Loss of neurons may start in an individual’s later 40s, and seems to be independent from any muscle training performed [3]. As back muscle loss has been demonstrated to occur at a comparatively high rate [19], and impaired lumbar extensor muscle function (weakness and fatigue) is associated with loss of balance, postural alignment and control [20, 21, 23], and osteoporosis [89], functional assessment based on strength and endurance scores is of utmost importance. Proving the early loss of back-extensor muscles with a simple test like ours, before a decrease in back muscle strength and endurance becomes overt, seems key to early interventions intended to decrease the higher risk of future falls and frailty. However, before this functional back muscle test can be offered as a preventive diagnostic tool, data processing would need to be further developed to a fully automatic procedure, and the absolute reliability of the IMDF-EMG fatigue slope-based variables needs to be further improved. As our novel EMG-based test is based on a sub-maximum cyclic exercise protocol at moderate load, testing can likely be considered safe even in patients at risk for increased vertebral fractures, and it is simple and quick to perform [90]. Therefore, this test would meet the basic requirements for implementation of nation-wide screening to detect early forms of deterioration in muscles that are the most likely to predispose elderly persons to future falls and fall-related injuries, frailty and early death.


Among the different SEMG variables recorded from a cyclic back extension exercise using a load equal to 50% of maximum and performed with a slow movement velocity, the IMDF-SEMG slope demonstrated clear age-specific effects in a reliable way. This result was observable despite the fact that back extension strength was comparable between the two age groups. The RMS-EMG variable appeared less discriminative. Thus, the IMDF-EMG fatigue method possesses great potential for further development toward a feasible biomarker intended to detect early signs of sarcopenic back muscle function.

Availability of data and materials

Anonymized data are made available upon request.





Analysis of Variance


Body Mass Index


Coefficient of dependability




Generalizability Theory


Intraclass Correlation


Instantaneous Median Frequency


International Physical Activity Questionnaire


Median Frequency


Motor unit action potential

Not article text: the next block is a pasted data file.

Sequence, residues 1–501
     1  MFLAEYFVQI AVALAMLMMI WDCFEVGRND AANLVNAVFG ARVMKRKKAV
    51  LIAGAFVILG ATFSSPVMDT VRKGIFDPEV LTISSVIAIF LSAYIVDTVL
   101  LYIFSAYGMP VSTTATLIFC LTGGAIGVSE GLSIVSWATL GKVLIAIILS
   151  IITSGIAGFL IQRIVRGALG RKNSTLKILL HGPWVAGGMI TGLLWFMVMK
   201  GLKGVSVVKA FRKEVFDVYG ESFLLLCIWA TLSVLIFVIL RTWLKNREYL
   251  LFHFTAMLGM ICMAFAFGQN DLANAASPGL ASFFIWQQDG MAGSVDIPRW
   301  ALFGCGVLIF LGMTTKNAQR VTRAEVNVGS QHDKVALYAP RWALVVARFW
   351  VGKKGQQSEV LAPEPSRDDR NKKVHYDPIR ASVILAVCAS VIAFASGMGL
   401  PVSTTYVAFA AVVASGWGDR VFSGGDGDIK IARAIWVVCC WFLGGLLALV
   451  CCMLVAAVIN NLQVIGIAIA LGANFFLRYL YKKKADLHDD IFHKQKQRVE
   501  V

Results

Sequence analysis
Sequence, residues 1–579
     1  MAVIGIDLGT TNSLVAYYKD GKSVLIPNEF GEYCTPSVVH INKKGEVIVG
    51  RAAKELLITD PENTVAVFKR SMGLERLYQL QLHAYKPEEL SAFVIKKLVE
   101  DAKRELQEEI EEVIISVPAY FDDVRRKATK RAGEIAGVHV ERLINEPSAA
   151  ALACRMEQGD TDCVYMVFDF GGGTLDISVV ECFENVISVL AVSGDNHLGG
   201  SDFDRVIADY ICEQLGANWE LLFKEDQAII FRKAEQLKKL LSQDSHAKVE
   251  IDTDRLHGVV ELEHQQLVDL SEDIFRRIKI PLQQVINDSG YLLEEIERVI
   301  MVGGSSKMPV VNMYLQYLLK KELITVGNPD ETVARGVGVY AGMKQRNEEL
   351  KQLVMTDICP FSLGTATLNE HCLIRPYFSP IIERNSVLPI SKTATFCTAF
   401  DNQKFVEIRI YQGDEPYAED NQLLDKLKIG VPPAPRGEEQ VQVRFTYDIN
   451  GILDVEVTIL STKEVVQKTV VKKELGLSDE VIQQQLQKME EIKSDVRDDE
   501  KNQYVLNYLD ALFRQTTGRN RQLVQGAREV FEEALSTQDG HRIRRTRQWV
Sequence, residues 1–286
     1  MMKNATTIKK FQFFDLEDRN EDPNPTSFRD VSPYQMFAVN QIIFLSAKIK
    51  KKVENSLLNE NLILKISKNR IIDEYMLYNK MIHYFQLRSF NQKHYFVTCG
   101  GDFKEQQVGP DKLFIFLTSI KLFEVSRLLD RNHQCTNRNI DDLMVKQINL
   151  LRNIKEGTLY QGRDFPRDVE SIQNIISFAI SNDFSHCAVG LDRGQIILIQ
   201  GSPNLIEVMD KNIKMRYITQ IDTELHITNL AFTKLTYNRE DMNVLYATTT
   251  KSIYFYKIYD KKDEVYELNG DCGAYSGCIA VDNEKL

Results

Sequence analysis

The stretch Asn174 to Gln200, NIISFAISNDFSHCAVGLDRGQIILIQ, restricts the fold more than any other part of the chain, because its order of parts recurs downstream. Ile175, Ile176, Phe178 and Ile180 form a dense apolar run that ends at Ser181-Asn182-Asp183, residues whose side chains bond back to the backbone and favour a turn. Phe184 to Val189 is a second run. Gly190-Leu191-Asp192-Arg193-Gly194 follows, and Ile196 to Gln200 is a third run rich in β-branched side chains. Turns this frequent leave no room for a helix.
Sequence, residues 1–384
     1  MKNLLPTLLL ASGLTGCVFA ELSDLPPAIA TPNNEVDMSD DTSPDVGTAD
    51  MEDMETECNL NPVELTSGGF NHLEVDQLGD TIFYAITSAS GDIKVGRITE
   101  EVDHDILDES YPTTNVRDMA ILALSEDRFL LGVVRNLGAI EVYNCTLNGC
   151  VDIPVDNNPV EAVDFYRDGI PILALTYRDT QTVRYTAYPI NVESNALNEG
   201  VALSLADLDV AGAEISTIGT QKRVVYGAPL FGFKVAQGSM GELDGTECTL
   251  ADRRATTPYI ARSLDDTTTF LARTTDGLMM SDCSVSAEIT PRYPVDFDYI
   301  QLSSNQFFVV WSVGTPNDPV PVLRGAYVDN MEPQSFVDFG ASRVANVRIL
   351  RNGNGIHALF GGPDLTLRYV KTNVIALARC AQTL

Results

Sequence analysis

Maximum Voluntary Contraction


Root Mean Square


Range of Motion


Standard error of measurement


Surface Electromyography


Visual Analog Scale


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We are thankful to Haley Milko who critically revised the language content of the manuscript.


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GE conceived of the study together with TK and its design, he supervised the study, interpreted the results and provided the first draft of the manuscript. TK participated in the study design, carried out the screening of patients, and contributed to drafting the manuscript. LU collected and processed the data and contributed to the discussion of the findings. JK was responsible for technical equipment, preliminary testing and supervision of data quality control and part of the data processing. RH participated in the conception of the study, collected data and performed the statistical analyses under the supervision of PM. PB supervised the EMG data processing and PM supervised the statistical analyses. All authors critically revised the manuscript for important intellectual content and gave final approval.

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Correspondence to G. Ebenbichler.

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Habenicht, R., Ebenbichler, G., Bonato, P. et al. Age-specific differences in the time-frequency representation of surface electromyographic data recorded during a submaximal cyclic back extension exercise: a promising biomarker to detect early signs of sarcopenia. J NeuroEngineering Rehabil 17, 8 (2020).